This is “Pro Forma Statements”, chapter 5 from the book Finance for Managers (v. 0.1). For details on it (including licensing), click here.
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If we could accurately predict the future, we could easily become wealthy by making many wise investments (and we’re not just speaking of winnig lottory numbers). Even imperfect information could guide our decisions and lead to a greater chance of success. As individuals, we constantly try to predict the future (for example: should I buy the phone plan with 500 or 1000 minutes?) and the accuracy of our predictions has financial consequences (paying for minutes we don’t use, or running over).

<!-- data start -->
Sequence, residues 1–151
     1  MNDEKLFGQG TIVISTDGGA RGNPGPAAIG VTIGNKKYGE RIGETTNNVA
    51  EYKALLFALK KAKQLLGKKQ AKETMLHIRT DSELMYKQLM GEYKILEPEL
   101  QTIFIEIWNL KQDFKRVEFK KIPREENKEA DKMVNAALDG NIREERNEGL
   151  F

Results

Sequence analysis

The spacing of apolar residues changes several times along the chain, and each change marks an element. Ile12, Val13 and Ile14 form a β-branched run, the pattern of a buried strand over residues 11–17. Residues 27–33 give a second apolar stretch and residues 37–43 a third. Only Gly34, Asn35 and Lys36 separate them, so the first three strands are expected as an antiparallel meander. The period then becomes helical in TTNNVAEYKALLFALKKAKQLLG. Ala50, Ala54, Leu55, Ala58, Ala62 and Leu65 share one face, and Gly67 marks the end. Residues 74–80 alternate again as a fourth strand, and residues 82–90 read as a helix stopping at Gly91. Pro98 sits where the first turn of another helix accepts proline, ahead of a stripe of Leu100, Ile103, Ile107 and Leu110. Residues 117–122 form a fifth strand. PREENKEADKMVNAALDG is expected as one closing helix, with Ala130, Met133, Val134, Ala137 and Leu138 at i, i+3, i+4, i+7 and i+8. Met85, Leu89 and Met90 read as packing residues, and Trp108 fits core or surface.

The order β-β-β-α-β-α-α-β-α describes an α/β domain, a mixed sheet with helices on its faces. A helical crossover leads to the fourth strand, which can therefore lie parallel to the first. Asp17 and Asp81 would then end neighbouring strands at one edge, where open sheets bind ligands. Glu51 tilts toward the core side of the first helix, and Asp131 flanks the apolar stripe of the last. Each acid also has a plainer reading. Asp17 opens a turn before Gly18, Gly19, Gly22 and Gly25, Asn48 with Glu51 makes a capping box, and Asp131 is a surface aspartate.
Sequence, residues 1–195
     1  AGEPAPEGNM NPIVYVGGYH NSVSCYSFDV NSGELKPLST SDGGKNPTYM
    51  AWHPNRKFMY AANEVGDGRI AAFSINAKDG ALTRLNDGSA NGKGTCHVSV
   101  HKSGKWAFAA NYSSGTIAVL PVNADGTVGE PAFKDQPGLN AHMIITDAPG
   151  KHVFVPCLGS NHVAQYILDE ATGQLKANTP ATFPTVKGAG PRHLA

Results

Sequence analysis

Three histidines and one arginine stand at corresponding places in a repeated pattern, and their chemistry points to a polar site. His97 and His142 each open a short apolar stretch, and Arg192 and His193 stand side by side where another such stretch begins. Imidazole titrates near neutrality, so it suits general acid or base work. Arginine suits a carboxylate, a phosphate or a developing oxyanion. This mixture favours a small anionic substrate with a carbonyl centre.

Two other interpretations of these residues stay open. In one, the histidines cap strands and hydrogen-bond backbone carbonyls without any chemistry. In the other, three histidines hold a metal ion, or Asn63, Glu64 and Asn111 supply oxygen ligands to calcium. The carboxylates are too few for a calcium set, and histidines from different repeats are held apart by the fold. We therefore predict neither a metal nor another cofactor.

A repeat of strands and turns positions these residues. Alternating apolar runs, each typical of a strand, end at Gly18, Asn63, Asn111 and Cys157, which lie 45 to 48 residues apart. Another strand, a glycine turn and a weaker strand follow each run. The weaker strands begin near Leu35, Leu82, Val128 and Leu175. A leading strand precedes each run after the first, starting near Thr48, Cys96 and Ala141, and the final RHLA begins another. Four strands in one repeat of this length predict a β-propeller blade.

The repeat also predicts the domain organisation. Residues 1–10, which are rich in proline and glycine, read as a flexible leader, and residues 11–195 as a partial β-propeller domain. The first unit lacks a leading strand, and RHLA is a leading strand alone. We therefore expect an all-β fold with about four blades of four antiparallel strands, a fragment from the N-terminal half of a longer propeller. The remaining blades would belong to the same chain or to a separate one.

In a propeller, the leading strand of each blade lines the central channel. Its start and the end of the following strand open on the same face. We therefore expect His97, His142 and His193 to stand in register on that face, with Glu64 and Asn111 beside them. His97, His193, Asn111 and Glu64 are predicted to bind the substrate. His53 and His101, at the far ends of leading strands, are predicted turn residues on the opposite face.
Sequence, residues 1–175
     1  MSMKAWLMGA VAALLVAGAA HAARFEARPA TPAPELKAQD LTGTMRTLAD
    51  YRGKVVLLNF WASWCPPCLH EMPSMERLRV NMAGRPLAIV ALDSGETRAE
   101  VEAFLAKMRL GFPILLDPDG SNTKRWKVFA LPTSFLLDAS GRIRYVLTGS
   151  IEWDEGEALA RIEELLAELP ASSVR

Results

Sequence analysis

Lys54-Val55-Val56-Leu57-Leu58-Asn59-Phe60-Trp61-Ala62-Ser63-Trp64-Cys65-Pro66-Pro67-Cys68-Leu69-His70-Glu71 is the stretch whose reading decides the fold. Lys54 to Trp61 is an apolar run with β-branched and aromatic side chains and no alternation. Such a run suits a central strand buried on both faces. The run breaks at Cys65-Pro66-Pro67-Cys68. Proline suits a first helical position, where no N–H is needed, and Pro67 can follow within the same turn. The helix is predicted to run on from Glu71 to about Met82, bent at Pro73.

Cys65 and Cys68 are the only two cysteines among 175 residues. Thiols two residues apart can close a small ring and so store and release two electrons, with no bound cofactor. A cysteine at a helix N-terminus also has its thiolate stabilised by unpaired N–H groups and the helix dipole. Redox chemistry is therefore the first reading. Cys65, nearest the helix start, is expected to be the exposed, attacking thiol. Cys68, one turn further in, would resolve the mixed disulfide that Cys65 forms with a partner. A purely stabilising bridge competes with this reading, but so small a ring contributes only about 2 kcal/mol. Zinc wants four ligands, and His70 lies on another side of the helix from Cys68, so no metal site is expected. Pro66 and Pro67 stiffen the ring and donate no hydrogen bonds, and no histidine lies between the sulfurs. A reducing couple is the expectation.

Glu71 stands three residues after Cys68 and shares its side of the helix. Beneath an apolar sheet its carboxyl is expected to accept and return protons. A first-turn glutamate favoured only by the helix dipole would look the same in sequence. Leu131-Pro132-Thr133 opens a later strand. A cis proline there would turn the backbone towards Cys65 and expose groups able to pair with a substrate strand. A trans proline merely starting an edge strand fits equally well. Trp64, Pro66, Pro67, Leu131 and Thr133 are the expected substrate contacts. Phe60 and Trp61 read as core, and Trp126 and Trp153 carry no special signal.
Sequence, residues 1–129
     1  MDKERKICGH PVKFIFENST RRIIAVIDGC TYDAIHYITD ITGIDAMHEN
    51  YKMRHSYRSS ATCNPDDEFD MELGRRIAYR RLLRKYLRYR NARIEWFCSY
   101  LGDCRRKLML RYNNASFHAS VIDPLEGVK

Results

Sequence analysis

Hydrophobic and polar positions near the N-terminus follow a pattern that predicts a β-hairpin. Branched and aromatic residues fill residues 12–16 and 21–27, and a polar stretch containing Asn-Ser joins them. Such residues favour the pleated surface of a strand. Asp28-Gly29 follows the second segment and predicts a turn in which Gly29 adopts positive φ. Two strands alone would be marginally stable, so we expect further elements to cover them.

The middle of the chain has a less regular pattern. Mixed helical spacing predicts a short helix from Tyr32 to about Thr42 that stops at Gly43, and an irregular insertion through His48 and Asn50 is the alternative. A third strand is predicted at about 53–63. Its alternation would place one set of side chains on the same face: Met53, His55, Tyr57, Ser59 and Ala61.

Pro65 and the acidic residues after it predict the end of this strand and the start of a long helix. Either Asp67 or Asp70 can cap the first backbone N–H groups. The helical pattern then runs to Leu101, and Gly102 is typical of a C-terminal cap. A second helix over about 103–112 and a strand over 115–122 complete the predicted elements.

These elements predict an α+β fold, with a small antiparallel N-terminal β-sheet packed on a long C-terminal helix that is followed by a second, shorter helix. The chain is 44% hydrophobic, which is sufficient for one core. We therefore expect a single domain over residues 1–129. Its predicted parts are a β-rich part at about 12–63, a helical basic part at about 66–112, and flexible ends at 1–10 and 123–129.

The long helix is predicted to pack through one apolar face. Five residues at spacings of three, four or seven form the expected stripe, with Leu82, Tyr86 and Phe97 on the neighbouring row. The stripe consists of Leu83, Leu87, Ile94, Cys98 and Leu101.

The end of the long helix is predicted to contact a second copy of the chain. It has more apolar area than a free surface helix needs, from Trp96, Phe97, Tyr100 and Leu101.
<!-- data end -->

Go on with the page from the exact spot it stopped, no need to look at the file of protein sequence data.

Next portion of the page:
One way companies try to envisage the future is through the use of pro forma statements. ‘Pro forma’ is Latin ‘for the sake of form’. Accurately predicted pro forma statements can help a company plan for the future. How much will sales be next year? Profits? Pro formas (for short) can also be created for distinct scenarios to see which would be more profitable. If created properly, pro forma statements can be a type of financial crystal ball that help a company ‘see’ the future, although we should always remember that no prediction is likely to be 100% accurate.